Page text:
Background. Malnutrition impacts the quality of life and general health of many older persons living in our nation's 20,000 nursing homes (1). Despite the urgency of this issue, no instrument that measures resident satisfaction with food and food service was found in an extensive literature search. The purpose of this article is to describe the development and initial testing of a resident satisfaction with food and food service questionnaire (FoodEx-LTC) in the context of the Quality Nutrition Outcomes-Long-Term Care Model. Methods. This pilot study was conducted in two phases. During phase one the instrument was developed, peer-reviewed, and pretested. Phase two further tested the instrument using a correlational design, measuring both intermediate and long-term outcomes found on the Quality Nutrition Outcomes-Long-Term Care Model. Results. Hypothesis testing was used to measure construct validity. 4 of 5 FoodEx-LTC domains were significantly correlated with depression, 2 of 5 with serum albumin. The FoodEx-LTC demonstrates acceptable reliability for a new instrument. The coefficient alpha scores ranged from .69-.87 and test-retest correlations ranged from .55-.89, dependent upon domain. Conclusions. FoodEx-LTC appears to be a valid and reliable measure of resident food and food service satisfaction in nursing homes. This line of inquiry is of great importance because perceived quality of food and food service are strongly related to quality of life for residents in nursing homes, and adequate food intake is integral to maintaining weight and preventing protein-calorie malnutrition among elderly residents.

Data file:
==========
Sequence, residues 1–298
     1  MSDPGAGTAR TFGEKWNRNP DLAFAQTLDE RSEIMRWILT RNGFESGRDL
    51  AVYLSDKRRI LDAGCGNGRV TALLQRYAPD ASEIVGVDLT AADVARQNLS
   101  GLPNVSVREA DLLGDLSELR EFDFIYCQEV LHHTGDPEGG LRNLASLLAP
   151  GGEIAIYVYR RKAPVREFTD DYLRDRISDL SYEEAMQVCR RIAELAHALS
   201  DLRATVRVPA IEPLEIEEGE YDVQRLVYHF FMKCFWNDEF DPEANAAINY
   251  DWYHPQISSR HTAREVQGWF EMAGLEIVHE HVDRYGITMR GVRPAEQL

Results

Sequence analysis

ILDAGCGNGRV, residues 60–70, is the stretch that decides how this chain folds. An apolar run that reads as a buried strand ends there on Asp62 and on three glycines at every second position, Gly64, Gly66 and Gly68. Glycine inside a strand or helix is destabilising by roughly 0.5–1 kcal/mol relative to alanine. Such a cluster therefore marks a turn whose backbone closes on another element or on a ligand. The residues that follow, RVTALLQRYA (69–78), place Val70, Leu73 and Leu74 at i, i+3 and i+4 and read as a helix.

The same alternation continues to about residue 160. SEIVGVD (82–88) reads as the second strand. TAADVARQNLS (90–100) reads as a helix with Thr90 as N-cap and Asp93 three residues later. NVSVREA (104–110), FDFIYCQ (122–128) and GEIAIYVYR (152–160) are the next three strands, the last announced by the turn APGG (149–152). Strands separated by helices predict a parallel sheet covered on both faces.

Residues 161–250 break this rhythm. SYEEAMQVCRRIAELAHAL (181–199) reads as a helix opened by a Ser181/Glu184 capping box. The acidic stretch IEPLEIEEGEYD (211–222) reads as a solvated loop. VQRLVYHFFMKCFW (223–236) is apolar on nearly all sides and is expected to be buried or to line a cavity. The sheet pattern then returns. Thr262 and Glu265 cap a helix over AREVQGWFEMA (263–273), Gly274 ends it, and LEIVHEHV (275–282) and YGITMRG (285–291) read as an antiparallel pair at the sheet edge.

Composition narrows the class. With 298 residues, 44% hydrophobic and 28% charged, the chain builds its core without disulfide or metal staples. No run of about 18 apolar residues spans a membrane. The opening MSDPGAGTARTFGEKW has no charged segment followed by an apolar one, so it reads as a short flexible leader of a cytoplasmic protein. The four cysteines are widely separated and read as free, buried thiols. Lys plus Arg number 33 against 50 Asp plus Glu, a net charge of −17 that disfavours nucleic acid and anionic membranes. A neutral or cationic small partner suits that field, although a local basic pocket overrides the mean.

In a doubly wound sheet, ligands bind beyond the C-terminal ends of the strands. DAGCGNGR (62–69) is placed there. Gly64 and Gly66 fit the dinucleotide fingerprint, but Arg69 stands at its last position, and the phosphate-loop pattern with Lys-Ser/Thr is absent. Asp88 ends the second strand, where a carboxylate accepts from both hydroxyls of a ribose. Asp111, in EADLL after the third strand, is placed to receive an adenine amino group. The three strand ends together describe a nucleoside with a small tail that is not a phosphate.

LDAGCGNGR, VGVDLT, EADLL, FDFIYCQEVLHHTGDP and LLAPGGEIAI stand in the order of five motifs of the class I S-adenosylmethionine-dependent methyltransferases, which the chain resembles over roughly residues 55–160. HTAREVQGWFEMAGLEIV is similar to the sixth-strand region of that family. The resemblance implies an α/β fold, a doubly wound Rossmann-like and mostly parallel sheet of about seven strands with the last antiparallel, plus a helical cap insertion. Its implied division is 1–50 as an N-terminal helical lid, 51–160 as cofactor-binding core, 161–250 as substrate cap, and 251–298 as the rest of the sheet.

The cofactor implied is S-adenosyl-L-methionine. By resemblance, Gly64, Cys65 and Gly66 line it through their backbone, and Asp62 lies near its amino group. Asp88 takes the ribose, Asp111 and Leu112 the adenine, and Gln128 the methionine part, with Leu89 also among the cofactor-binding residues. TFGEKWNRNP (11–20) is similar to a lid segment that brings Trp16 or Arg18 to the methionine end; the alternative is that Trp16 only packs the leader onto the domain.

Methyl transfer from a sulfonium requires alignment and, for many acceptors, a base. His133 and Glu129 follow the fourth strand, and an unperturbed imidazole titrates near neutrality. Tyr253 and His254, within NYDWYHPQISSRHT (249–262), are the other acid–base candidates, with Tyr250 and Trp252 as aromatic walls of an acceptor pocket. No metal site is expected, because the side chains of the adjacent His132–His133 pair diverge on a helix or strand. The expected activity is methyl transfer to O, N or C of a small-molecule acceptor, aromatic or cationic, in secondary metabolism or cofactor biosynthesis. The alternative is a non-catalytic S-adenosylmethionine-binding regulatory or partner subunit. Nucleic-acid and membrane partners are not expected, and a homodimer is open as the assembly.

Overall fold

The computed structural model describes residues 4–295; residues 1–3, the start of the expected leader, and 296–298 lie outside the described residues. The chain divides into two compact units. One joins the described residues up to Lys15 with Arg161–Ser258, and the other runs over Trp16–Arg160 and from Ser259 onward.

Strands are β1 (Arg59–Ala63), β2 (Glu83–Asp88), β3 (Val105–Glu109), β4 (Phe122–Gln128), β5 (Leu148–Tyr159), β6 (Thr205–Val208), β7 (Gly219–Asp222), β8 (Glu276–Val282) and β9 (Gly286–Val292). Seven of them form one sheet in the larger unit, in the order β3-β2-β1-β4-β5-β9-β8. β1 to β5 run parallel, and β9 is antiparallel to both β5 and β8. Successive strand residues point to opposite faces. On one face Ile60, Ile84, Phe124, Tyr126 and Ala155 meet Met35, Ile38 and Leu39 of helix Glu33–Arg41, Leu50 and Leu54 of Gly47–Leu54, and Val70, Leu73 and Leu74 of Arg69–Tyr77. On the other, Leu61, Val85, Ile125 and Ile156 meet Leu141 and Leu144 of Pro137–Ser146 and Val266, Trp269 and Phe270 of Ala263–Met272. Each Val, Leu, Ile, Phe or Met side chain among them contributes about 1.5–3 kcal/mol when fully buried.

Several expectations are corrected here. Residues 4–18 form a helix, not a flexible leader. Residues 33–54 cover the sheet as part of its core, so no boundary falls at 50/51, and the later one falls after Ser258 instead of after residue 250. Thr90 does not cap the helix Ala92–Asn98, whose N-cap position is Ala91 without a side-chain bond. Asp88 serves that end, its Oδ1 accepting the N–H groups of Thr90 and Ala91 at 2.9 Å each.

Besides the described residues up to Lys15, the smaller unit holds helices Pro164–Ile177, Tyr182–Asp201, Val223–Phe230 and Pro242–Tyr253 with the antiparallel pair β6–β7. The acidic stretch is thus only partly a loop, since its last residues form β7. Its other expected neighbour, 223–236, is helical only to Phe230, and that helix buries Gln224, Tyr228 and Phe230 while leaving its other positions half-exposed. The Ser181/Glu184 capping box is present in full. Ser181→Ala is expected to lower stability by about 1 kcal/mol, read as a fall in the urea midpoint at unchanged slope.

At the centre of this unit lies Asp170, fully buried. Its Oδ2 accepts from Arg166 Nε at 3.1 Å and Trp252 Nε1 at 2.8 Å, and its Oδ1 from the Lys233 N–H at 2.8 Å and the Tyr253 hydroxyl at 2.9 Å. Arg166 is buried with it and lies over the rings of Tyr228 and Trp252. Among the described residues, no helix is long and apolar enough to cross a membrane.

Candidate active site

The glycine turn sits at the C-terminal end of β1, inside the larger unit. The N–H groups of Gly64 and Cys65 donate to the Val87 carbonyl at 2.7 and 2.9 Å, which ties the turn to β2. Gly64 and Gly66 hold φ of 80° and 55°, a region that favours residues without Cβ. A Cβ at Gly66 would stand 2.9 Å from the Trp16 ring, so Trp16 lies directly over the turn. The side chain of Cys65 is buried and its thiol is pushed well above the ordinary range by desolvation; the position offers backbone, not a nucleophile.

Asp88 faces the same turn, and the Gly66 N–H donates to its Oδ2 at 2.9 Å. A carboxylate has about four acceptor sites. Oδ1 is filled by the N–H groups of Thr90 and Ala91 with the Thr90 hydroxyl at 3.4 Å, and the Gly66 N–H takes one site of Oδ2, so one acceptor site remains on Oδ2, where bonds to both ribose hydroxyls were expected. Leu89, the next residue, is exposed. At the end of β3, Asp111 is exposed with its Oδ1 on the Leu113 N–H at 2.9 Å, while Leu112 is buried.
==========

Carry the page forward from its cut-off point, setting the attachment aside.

|Original language||English (US)|
|Number of pages||8|
|Journal||Journals of Gerontology - Series A Biological Sciences and Medical Sciences|
|State||Published - Apr 2004|
ASJC Scopus subject areas
- Geriatrics and Gerontology